My Take on Fake: as Seen at Coverings 2016 Show
When I was in school for Industrial Design (way back when), we learned how to draw our product designs in 3D, and then use markers (yes, magic markers) to render those drawings into realistic-looking objects. One method in particular was learning to render “wood grain” onto a plastic object. Remember the plastic wood grain on – well everything! Alarm clocks, car dashboards, stereos? That was what we were learning to draw.
At some point as a designer, I realized I didn’t want fake wood grain on anything that was plastic. I think the American consumer soon realized it too. How about being true to the material properties? Besides, it was pretty ugly most of the time. Plastic is a great material because it molds to any shape you can manufacture, it picks up any color you can dream up, and is flexible. Why would we want it to look like something it isn’t?
Well, fast forward to a few weeks ago when I attended the Coverings 2016 show in Chicago. It’s a trade show for everything that can cover a surface in any type of building or home. Porcelain, ceramic, stone, marble, glass, metal, mosaics, you get the picture. It was an International show with big and small players alike as exhibitors.
As I was stumbling past yet another wall of marble, I had a moment when I realized that everything seemed to be trying to look like something else.
I saw tile that looks like brick – red, yellow, white… you name it, porcelain that looks like metal – rusty metal, or metal with rivets. Ceramic tiles were trying to look like fabric, carpet, even herringbone suit material!
There was tile that mimics granite and limestone, 3D tiles that look like rough exterior stone, 3D metal roofing that looks like shale or shingles and then there was tile that is so saturated with color you’d swear it was painted. I even saw 3D tile that looked like upholstered leather!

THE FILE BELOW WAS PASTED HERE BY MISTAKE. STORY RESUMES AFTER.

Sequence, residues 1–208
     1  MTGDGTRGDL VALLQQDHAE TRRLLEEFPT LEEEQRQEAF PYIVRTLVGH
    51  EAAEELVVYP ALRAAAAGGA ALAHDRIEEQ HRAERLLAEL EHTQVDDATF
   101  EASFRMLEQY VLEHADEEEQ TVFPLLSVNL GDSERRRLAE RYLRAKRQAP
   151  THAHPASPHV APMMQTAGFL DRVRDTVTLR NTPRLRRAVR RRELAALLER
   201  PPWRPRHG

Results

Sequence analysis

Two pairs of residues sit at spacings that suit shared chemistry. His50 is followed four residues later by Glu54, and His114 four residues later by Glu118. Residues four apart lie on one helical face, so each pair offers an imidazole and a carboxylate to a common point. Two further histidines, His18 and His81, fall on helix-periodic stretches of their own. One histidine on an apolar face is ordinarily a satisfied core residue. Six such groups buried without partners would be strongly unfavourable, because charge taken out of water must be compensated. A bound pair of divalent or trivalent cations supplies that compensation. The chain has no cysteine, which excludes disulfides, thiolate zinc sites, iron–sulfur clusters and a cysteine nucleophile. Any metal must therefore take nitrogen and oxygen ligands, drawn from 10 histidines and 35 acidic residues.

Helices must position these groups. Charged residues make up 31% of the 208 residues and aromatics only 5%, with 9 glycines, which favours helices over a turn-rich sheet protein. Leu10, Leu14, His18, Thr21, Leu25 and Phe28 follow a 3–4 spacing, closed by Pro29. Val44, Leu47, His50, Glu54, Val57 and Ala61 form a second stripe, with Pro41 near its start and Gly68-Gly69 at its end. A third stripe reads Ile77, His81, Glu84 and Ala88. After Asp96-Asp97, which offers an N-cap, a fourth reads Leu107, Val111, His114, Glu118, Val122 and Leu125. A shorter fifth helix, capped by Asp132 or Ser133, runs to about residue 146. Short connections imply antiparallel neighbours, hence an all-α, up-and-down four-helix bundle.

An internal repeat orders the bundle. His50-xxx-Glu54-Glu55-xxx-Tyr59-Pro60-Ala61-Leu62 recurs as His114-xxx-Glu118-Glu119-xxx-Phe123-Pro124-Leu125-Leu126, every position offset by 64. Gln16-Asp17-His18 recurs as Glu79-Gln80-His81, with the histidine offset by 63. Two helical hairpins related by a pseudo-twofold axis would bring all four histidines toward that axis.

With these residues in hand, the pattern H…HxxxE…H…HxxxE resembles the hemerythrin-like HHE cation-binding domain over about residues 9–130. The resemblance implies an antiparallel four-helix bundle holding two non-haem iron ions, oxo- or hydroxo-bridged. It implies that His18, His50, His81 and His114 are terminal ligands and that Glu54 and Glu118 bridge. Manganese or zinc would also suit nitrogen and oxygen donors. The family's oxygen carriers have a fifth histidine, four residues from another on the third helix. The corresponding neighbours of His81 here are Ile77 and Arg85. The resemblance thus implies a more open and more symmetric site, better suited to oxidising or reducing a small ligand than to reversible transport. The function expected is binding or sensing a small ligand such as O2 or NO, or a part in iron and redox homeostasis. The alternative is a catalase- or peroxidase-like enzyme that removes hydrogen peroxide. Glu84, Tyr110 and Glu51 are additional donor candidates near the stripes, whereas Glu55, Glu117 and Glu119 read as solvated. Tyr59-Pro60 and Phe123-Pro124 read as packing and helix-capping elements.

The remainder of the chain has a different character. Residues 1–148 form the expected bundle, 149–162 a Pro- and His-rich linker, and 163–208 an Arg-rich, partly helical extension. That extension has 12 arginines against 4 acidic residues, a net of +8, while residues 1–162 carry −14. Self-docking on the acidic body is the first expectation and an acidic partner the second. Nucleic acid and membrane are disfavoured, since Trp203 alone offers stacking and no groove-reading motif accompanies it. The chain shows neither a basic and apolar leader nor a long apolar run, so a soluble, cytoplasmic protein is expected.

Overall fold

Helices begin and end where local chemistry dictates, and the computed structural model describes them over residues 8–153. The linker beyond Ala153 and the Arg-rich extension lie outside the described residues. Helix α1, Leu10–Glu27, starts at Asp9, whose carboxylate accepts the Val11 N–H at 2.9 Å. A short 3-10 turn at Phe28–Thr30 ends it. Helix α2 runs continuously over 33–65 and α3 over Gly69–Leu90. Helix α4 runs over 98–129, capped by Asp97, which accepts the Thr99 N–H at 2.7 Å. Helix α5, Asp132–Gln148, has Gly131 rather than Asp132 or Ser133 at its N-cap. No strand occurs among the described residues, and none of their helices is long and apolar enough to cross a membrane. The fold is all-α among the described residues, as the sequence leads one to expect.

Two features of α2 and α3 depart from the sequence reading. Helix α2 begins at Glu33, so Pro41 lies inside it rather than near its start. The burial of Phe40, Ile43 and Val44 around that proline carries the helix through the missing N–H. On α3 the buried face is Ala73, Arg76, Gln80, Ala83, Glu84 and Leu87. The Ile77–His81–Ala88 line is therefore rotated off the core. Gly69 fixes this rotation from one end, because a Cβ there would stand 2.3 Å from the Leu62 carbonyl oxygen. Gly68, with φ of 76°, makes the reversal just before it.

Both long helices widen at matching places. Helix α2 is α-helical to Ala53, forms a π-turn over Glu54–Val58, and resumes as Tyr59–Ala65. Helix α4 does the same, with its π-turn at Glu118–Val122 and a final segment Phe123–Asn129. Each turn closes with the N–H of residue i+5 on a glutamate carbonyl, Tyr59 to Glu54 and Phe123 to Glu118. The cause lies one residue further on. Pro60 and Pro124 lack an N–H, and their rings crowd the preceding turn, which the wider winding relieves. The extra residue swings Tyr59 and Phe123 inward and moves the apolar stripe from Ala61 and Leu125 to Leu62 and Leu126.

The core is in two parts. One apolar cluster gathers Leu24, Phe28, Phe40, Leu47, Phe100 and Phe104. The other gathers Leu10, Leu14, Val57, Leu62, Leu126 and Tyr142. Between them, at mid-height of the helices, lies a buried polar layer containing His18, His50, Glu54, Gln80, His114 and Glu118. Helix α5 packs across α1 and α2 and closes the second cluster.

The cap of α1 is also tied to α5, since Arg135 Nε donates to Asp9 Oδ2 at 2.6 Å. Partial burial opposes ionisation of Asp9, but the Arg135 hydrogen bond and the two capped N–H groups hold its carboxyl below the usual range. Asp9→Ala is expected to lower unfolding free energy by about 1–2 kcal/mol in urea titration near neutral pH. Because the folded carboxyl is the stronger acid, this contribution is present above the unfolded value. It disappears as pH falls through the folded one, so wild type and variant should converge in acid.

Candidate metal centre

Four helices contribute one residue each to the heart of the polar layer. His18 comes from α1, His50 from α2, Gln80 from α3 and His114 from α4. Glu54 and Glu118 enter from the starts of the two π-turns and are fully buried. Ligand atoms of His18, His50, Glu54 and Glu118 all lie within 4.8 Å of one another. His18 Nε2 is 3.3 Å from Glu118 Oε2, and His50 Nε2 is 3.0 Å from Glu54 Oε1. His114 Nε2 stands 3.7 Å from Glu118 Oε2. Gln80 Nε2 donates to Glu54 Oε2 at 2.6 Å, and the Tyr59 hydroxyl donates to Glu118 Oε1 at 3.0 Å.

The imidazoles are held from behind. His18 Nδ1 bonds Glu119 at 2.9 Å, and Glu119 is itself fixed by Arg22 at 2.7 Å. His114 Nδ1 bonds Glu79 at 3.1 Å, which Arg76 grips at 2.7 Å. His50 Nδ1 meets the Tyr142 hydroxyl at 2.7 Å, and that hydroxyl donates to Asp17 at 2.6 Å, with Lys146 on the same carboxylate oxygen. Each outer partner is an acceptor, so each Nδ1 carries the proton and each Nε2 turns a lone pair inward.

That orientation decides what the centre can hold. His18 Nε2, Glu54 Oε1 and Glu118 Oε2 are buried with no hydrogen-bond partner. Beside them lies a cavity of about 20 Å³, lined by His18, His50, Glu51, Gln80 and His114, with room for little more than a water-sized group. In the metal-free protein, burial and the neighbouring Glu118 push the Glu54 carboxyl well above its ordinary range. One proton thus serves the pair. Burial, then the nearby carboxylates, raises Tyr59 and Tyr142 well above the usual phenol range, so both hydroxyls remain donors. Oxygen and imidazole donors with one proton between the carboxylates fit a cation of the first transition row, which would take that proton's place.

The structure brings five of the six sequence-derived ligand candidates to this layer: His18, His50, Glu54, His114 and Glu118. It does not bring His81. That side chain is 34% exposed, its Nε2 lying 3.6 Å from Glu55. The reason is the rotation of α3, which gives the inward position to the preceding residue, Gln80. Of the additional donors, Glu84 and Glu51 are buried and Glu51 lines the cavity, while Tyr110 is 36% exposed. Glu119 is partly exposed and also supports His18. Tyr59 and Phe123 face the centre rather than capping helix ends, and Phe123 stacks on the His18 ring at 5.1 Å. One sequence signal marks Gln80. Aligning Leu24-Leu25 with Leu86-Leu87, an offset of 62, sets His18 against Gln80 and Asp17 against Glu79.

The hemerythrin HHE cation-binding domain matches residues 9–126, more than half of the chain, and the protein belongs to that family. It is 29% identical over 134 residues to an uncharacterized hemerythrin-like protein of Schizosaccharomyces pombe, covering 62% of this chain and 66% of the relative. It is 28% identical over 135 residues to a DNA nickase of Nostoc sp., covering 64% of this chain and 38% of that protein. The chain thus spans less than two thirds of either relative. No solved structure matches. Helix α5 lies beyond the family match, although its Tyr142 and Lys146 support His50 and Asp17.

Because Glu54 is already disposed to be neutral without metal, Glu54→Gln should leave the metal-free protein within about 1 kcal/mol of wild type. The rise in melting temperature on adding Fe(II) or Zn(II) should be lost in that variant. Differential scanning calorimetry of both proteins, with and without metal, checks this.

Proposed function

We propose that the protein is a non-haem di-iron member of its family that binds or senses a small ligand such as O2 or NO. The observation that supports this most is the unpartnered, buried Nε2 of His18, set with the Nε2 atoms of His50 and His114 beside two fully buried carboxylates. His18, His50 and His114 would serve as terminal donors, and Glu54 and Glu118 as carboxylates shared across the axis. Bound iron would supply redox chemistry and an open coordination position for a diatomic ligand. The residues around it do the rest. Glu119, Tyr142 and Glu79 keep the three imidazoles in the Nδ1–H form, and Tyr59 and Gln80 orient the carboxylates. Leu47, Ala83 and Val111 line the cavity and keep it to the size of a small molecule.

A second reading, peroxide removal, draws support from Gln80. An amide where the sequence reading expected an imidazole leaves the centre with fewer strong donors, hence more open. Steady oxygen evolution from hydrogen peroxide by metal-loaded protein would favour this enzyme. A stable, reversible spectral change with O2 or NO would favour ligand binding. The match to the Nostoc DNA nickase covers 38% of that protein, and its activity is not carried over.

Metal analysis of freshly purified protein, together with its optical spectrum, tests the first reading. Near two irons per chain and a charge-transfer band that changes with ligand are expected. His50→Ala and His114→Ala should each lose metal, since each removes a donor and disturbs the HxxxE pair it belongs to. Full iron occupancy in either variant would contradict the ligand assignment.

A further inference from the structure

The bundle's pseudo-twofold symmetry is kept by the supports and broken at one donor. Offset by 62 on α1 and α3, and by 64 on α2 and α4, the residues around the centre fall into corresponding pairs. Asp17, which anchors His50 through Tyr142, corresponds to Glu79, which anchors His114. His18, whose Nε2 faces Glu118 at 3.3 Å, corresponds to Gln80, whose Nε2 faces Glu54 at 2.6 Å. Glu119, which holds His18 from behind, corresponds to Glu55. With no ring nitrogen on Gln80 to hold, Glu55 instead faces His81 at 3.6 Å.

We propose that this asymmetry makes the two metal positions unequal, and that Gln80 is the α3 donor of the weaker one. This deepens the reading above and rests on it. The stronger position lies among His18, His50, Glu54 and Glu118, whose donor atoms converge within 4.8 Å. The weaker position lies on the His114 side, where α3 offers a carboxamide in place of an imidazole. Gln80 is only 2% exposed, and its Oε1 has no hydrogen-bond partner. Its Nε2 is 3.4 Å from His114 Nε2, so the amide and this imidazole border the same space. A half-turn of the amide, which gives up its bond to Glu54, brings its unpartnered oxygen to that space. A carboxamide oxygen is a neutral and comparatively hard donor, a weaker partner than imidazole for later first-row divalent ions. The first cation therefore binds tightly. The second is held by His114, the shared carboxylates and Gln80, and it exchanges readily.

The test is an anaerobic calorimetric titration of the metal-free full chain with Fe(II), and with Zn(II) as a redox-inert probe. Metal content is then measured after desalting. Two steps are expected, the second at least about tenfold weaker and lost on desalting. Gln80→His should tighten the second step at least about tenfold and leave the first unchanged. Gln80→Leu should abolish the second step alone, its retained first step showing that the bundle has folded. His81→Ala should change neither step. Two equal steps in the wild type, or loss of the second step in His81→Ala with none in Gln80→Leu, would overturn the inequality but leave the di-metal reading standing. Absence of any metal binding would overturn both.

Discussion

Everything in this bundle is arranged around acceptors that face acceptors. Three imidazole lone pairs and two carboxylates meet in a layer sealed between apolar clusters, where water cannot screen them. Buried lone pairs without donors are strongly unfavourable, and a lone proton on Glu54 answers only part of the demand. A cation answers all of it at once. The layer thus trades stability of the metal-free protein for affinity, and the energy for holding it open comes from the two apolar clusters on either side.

What about truth in materials? What happened to the time when porcelain tile was tile, stone was stone, and paint was paint! Why are they trying to make everything look like something else?
Well, I have to say I got pretty excited by the fact that I could have a metal wall without the actual metal. The finish wasn’t exactly like metal, but it had it’s own unique characteristics because it wasn’t metal. The finish was beautiful and as a consequence of the technology had it’s own unique look. It was still a natural material, had some of the beauty of metal… but was different somehow. And from a technical point of view, it’s lighter, easier to apply, and probably less expensive.
But maybe these products aren’t trying to mimic something else. Instead they incorporate the beauty of two original materials, revealing a completely new surface to fall in love with. With innovative technologies that are making these materials a reality, we can now have textures, finishes and colors that borrow from the original, but are made from materials that will work in almost any application. And they create what I think is a whole new category of beautiful aesthetics. I can’t wait to try them out on my next project!
Expert Tip: As with most new materials, it is best to ask your expert designer for advice on application and installation. Send
me your questions or comments and I’d be happy to help you make sure your material selections are the right fit for your space.